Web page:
The property market downturn has cooled: Corelogic

Australia’s rate of home value price decline has eased, according to the research firm’s home value index (HVI) for January.

Hobart city Tasmania aerial spi

The monthly value reading fell a further 1 per cent during the first month of 2023, representing a slight improvement on the 1.1 per cent decline recorded last December. A reduced rate of decline was evident across all Australian capital cities with the exception of Adelaide (0.8 per cent), and Perth (0.3 per cent), where values have held steadier.

Corelogic research director, Tim Lawless believes the latest reading indicators wind has been taken from the housing downturn’s sails given “the quarterly trend in housing values is clearly pointing to a reduction in the pace of decline across most regions.”

“However, at -1 per cent over the month and -3.2 per cent over the rolling quarter, national housing values are still falling quite rapidly compared to previous downturns.”

Values fell most drastically in Hobart – where they dropped 1.7 per cent during January, followed by Brisbane’s 1.4 per cent decline, and Sydney’s 1.2 per cent fall. Hobart also led Australia’s capital cities for quarterly declines (5.5 per cent), followed again by Brisbane (4.8 per cent), and Sydney (3.9 per cent).

On the flip side, Perth and Darwin homes lost the least amount of value during the opening month of the year of 0.3 per cent and 0.1 per cent respectively.

For the first time in nearly two years, Sydney’s median home value dipped below $1 million, with Corelogic’s latest data highlighting homes in the harbour city have a median price of $999,278.

Having propelled Australia’s pandemic-long market upswing, the nation’s premium housing market became a key driving force behind the downturn, although Mr Lawless revealed “across the combined capitals, the rolling quarterly rate of decline in the upper quartile value has improved from a recent low of -6.1 per cent over the September 2022 quarter to -4 per cent over the three months to January.”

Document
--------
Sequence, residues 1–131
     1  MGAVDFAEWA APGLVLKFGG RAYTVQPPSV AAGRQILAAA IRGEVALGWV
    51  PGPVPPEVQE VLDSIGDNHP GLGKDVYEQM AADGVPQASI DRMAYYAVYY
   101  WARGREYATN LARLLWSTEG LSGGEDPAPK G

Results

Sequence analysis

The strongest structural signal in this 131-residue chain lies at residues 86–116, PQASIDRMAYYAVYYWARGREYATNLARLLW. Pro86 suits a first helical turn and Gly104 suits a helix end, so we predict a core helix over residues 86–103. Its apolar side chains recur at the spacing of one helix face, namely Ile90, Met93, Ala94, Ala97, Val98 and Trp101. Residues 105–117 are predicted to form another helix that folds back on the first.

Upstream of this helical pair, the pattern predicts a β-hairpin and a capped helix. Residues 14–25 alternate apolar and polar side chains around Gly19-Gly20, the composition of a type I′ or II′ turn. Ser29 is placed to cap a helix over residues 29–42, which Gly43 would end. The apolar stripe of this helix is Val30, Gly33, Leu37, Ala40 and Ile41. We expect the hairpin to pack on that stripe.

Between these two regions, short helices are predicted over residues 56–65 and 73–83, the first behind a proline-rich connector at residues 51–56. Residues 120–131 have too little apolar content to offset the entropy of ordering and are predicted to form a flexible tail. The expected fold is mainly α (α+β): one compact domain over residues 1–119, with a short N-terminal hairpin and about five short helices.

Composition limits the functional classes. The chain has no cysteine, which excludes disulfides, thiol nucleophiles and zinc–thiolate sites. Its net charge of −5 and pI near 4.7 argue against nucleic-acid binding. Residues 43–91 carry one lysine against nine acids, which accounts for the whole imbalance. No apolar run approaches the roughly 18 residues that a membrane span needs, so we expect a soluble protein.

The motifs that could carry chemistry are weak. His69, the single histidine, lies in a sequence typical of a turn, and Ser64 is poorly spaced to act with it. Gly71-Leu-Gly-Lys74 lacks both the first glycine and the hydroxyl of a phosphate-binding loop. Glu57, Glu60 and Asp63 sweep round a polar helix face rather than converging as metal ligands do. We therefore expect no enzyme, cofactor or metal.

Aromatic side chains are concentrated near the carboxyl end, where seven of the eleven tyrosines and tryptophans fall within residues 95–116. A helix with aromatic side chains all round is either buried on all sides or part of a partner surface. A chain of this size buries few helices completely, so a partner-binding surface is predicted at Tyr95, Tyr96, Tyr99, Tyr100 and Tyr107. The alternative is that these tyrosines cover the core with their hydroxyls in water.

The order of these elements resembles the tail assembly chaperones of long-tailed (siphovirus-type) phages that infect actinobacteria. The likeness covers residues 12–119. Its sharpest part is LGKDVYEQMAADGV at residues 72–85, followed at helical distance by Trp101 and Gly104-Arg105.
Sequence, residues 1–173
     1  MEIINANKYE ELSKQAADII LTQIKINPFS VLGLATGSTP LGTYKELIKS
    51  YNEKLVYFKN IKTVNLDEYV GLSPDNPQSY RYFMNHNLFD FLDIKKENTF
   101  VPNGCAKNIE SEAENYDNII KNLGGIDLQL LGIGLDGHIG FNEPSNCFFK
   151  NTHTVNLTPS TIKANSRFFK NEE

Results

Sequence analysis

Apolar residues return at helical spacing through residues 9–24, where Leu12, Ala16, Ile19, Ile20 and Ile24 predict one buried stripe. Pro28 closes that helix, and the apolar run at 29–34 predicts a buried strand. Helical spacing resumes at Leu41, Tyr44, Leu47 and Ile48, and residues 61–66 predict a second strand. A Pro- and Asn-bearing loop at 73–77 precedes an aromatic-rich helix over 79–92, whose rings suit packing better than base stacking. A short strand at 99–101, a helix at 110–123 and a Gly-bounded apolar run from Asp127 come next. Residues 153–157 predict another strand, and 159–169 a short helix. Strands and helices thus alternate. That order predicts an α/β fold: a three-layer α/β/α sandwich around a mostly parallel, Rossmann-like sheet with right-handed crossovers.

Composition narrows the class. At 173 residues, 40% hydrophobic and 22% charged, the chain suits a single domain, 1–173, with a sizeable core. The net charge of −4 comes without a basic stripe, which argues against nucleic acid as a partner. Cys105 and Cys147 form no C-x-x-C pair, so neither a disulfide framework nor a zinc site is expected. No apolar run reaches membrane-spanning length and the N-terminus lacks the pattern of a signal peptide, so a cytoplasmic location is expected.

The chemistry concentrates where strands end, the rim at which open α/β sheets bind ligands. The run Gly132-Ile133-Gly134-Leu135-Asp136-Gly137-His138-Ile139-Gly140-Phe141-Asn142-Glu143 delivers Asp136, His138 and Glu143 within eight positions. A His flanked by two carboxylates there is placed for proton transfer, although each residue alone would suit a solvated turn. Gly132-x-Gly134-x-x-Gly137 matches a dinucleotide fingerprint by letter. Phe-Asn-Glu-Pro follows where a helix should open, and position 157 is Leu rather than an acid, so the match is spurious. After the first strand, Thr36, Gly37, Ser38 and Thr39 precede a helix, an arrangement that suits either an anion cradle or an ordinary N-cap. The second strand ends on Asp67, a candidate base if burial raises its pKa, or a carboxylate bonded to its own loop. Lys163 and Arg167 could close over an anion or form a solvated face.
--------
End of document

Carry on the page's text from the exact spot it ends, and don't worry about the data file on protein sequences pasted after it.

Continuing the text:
He noted “the improvement could be reflective of more buyers taking advantage of larger price drops across the premium sector, where house values are down 17.4 per cent since peaking in January 2022.”

Mr Lawless revealed “regional housing values are holding up better than capital city markets” despite “easing rates of internal migration and a partial erosion of the pre-pandemic affordability advantage.”

Dwellings in regional Western Australia and South Australia reported value increases of 0.4 per cent and 0.5 per cent respectively, while the largest price drop’s were recorded in regional Tasmania (1.1 per cent), and New South Wales (1 per cent).

Whether Australia’s regional markets can maintain their current performance in the long term will be an “interesting trend to watch,” however, in Mr Lawless’ estimation “it seems regional housing markets have seen a structural shift in the underlying demand profile.”

“With more Australians willing to base themselves outside of the capital cities and remote working remaining a viable option across some sectors of the labour force, it’s unlikely we’ll see a mass exodus from regional markets.”

Mr Lawless reiterated the importance of contextualising the current downturn given “every capital city and rest-of-state region is still recording home values above pre-pandemic levels, although Melbourne’s index would only need to fall a further 0.4 per cent before equaling the March 2020 reading.”



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